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Analysts: Russian Cooperation on Syria, Ukraine Less Promising Than Iran Deal

  • Daniel Schearf

FILE - Russian President Vladimir Putin.

FILE - Russian President Vladimir Putin.

U.S.-Russian collaboration to secure a deal on Iran's nuclear program has raised hopes of closer cooperation on other world issues, but analysts say any progress is likely to be slow in coming.

A Kremlin statement issued shortly after the July 14 nuclear deal said Presidents Obama and Vladimir Putin had agreed in a telephone conversation to work together on "certain other current international matters, including countering international terrorism."

The White House, for its part, said the leaders "had expressed a desire to work together on reducing regional tensions, particularly in Syria."

But any new spirit of cooperation between the two powers is likely to be limited in scope, says Andrey Baklitsky, director of the Russia and Nuclear Non-Proliferation at the PIR Center in Moscow.

“The issues where the Russian and Western approaches are different would not be affected that much,” he says. “On the issue of Ukraine, it’s clear that Russia and the West have quite different approaches.” He adds, “Especially if you’re talking about Crimea, I don’t think that’s really reconcilable at the moment.”

Relations between Russia and the West have been severely strained since Moscow was sanctioned last year for annexing Ukraine’s Crimean peninsula and supporting separatists in the east.

Western governments accuse the Kremlin of supplying the rebels with weapons and troops, a charge it has always denied despite mounting evidence.

Russia did help mediate a 2013 deal to dispose of the Syrian government’s chemical weapons; but the Kremlin continues to back President Bashar al-Assad even as he stands accused of using barrel bombs on civilian populations.

The rise of the so-called Islamic State terrorist group has renewed the urgency of cooperation in the region, says Nikolay Kozhanov, a non-resident scholar with the Carnegie Moscow Center. “Definitely there is a clear sign that, despite of all contradictions the Russians, hopefully the Americans, they would like to find a common language on what’s happening here and how to settle this issue.”

He goes on to say, “It’s quite obvious that the current crisis that’s taking place in Syria and Iraq is impossible to contain within the borders of these countries and it’s definitely overspilling.”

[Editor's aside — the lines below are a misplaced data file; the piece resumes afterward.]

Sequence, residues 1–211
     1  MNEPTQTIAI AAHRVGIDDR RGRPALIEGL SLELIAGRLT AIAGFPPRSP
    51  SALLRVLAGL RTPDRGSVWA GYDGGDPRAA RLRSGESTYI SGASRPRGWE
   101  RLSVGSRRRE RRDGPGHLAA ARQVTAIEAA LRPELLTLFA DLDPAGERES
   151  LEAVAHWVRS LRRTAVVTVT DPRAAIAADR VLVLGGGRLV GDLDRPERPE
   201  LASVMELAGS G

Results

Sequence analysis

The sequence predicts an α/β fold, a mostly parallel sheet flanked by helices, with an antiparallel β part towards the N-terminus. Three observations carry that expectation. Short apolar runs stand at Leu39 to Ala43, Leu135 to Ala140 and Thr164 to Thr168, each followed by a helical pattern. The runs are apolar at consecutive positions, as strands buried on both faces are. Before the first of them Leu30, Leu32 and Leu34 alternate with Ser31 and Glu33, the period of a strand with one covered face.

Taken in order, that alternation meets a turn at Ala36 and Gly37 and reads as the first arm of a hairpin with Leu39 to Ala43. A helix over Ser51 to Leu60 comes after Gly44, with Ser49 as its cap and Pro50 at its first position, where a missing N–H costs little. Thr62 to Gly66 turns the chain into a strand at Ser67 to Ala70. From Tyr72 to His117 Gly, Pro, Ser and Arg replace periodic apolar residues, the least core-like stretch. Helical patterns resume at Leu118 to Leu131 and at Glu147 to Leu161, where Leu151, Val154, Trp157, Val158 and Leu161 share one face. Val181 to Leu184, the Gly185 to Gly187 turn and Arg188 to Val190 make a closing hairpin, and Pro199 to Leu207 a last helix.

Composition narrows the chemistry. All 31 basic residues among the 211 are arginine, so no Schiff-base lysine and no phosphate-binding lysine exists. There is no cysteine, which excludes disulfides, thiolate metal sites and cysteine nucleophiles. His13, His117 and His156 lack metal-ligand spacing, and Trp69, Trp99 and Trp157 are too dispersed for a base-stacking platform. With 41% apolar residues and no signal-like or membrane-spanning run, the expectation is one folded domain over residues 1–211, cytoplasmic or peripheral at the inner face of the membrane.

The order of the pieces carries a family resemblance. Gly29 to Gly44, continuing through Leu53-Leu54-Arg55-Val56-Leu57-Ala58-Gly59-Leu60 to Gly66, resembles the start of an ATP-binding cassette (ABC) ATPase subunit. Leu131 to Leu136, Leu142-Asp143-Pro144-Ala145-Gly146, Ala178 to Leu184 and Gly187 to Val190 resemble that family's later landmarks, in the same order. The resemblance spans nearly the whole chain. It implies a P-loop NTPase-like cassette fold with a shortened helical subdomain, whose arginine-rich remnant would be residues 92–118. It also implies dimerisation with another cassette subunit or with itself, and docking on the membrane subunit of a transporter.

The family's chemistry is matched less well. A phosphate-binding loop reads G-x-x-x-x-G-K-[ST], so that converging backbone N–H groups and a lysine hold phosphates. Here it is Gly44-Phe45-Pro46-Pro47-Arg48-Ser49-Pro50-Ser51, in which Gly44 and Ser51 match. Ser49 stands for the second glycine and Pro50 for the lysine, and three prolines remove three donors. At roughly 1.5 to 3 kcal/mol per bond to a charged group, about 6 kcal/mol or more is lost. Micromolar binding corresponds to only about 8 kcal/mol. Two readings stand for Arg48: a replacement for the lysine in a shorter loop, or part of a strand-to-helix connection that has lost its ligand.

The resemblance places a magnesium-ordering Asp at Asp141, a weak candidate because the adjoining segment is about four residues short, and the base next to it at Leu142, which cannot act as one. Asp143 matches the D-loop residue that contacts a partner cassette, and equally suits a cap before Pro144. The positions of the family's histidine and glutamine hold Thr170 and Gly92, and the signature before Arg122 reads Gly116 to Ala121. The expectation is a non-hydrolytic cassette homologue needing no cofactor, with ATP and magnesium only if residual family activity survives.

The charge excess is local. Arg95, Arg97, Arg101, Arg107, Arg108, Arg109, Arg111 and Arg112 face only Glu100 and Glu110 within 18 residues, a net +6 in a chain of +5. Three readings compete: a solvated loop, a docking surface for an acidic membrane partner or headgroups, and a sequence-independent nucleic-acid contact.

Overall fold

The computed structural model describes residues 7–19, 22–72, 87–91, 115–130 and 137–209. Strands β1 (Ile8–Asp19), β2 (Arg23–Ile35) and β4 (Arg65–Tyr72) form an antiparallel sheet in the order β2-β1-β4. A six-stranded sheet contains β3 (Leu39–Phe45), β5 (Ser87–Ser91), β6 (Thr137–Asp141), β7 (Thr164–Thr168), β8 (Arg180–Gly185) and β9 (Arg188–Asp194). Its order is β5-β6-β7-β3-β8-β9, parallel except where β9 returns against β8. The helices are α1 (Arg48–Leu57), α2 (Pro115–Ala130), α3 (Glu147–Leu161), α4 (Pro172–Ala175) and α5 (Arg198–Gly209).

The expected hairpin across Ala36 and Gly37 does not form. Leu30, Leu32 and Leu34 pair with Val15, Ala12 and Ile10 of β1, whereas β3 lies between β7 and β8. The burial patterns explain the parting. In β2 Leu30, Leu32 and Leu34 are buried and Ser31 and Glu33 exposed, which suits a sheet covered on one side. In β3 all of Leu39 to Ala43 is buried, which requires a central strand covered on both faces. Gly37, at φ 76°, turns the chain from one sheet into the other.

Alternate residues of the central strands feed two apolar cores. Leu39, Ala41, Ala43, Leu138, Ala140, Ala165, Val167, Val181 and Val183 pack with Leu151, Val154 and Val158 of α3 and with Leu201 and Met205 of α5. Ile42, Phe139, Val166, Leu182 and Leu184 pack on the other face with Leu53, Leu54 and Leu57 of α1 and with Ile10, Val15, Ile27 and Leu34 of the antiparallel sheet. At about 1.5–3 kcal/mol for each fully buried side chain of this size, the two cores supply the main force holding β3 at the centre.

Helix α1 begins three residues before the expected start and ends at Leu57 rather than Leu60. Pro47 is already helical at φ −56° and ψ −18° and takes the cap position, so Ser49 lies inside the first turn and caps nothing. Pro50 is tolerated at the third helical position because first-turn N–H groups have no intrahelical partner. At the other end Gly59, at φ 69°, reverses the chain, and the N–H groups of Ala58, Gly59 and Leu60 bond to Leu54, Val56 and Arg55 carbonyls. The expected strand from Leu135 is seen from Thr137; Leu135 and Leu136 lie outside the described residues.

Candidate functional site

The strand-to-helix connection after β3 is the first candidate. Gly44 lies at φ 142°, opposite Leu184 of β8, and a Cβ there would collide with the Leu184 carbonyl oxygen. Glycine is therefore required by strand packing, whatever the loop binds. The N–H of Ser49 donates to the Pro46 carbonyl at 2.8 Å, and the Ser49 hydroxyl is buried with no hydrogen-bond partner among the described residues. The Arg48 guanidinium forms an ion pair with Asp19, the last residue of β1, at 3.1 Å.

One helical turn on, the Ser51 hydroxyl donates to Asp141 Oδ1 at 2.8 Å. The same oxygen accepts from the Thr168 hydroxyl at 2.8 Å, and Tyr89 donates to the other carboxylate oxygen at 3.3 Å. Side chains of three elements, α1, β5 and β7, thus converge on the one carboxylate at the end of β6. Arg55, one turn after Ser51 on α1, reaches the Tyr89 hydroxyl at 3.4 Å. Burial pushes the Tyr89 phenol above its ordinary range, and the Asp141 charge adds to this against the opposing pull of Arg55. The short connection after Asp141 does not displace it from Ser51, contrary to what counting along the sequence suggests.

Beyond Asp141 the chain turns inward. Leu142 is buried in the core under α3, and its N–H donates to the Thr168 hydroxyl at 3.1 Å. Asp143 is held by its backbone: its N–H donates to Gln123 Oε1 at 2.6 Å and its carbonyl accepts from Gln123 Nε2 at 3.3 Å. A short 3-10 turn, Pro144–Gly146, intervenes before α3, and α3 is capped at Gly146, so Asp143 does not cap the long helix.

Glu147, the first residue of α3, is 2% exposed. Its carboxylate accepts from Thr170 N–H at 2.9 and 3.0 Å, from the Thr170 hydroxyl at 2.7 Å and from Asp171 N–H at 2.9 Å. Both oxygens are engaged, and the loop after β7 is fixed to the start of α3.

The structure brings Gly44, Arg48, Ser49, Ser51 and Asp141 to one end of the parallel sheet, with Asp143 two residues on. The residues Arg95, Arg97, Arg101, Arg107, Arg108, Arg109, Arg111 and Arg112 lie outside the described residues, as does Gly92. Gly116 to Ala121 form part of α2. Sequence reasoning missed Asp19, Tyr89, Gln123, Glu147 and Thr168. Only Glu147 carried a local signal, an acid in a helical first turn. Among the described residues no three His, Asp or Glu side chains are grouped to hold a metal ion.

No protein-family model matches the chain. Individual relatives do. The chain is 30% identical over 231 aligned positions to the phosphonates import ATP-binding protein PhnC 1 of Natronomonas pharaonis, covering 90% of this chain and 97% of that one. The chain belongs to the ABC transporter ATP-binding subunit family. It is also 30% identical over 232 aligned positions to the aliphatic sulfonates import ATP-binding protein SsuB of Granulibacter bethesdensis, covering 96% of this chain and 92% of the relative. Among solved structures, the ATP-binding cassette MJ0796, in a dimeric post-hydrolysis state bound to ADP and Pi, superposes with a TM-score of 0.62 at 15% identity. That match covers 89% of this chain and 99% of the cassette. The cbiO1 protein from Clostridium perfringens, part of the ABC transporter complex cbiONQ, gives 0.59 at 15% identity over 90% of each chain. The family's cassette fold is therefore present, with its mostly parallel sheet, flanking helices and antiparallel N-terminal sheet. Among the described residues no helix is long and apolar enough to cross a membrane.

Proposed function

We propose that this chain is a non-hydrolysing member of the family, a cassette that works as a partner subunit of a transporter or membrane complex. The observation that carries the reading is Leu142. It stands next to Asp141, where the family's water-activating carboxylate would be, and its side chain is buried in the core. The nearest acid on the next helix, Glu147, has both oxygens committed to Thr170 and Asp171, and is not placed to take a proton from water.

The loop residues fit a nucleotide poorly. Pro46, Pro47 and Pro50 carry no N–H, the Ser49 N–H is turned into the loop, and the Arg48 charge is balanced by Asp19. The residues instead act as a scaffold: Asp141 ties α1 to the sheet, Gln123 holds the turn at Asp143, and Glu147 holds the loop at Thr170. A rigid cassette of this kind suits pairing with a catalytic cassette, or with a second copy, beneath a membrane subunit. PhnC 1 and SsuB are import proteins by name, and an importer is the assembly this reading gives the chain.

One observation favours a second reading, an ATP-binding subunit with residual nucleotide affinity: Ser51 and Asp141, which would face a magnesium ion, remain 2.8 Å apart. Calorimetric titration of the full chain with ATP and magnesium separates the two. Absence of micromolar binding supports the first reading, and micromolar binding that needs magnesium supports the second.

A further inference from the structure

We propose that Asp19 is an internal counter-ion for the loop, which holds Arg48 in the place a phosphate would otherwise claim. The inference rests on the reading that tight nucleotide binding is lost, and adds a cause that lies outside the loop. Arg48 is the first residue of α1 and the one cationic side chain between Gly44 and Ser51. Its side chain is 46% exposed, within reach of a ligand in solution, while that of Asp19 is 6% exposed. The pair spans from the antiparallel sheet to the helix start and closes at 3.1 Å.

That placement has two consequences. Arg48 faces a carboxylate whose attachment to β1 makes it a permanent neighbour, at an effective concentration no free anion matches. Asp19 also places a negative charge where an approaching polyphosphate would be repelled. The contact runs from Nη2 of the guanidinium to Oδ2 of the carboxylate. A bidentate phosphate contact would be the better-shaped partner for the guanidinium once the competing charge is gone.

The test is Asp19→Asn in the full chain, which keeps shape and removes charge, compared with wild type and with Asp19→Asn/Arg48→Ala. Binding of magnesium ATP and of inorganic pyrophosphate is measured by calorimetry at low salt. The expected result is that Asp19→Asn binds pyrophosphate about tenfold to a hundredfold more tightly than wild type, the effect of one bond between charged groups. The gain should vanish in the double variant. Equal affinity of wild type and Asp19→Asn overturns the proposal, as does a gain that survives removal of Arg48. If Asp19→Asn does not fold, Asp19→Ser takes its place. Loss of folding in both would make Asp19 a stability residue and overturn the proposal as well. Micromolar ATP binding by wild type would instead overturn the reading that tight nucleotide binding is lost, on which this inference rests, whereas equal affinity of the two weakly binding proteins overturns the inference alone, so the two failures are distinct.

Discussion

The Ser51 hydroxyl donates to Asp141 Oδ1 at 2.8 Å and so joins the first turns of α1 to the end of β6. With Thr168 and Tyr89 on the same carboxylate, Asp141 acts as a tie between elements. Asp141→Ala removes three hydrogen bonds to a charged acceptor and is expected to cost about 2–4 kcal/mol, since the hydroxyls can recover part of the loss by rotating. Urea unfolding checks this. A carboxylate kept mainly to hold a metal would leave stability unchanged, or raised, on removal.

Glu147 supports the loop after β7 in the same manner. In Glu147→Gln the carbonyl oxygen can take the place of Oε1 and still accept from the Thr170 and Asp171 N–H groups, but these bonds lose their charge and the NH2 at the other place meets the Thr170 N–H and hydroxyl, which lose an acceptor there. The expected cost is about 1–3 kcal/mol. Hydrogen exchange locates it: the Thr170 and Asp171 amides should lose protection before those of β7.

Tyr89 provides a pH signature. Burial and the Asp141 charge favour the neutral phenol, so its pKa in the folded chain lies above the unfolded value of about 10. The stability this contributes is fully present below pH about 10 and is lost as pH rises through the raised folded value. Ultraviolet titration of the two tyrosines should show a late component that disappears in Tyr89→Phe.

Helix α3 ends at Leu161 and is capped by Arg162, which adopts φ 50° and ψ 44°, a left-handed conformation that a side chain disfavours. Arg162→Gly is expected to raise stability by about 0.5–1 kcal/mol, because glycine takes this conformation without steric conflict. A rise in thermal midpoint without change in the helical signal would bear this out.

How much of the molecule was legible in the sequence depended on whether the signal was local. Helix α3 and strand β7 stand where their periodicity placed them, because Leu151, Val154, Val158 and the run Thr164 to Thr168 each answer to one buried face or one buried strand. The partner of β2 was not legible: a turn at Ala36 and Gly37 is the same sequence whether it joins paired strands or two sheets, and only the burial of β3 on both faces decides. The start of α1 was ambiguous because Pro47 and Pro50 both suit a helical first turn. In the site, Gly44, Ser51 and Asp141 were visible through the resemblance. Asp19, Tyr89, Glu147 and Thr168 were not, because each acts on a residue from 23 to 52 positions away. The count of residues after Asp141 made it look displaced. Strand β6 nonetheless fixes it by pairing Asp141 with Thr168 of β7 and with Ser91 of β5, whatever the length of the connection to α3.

But analysts say it could take years to bridge the gap on Syria, where Western governments want a change of leadership and Russia remains one of Damascus’ staunch allies.

Meanwhile, Russia may be planning to spend the political capital it earned by helping to negotiate the Iran nuclear deal.

In a Foreign Ministry statement, Lavrov quoted Obama as having said in 2009 that a resolution of the Iranian nuclear issue would remove the need for U.S. missile defenses in Europe.

“We hope that our American colleagues remember this and will adjust their plans accordingly,” Lavrov said. “We are prepared for dialogue on this issue.”

Washington says Iran’s ballistic missile program spurred the need for the system to protect allies in Europe, but Russia fears it is the target of containment. In any case, inspections of Iran’s ballistic missiles was not included in the nuclear deal and the defensive program is not yet in place.

Some political analysts argue the system, not yet developed, is not worth the tension. Others counter that with no iron-clad guarantees on Iranian missiles, and a nuclear inspection regime not yet in place, the United States has good reason to continue the controversial program.

The analysts say Russia had its own internal reasons to supprot the Iran nuclear deal, which would lift economic sanctions on the country in exchange for restrictions on its capability to develop nuclear weapons.

“The Iranian energy markets, the nuclear field, and definitely the Iranian arms market represent quite a huge interest for Moscow,” says Kozhanov. “From this point of view, definitely the Russians would like to get an access to these markets; but, without lifting sanctions it would be hardly possible.”

A possible negative for Moscow is that the lifting of sanctions will allow Iran to boost its energy exports, potentially driving down the price of oil - a key Russian export. But Yevgeny Satanovsky, president of the Institute for Middle East Studies in Moscow, says that would not happen any time soon.

“Iranian oil will be not on the world market tomorrow,” he says. “And, even if it will be tomorrow, it will be much more profitable for Iranians to sell this oil to the Japanese market, Indian, Korean, Chinese, so on and so on.”

Iran also has the world’s largest gas reserves but Satanovsky says it will require several years and billions of dollars in investment before Tehran can tap the potential.

More immediately, the nuclear deal puts Russia first in line to continue building Iran’s nuclear energy plants. Russia also wants the United Nations to lift an arms embargo against Iran so its weapons manufacturers can resume that long-time lucrative trade with Tehran.

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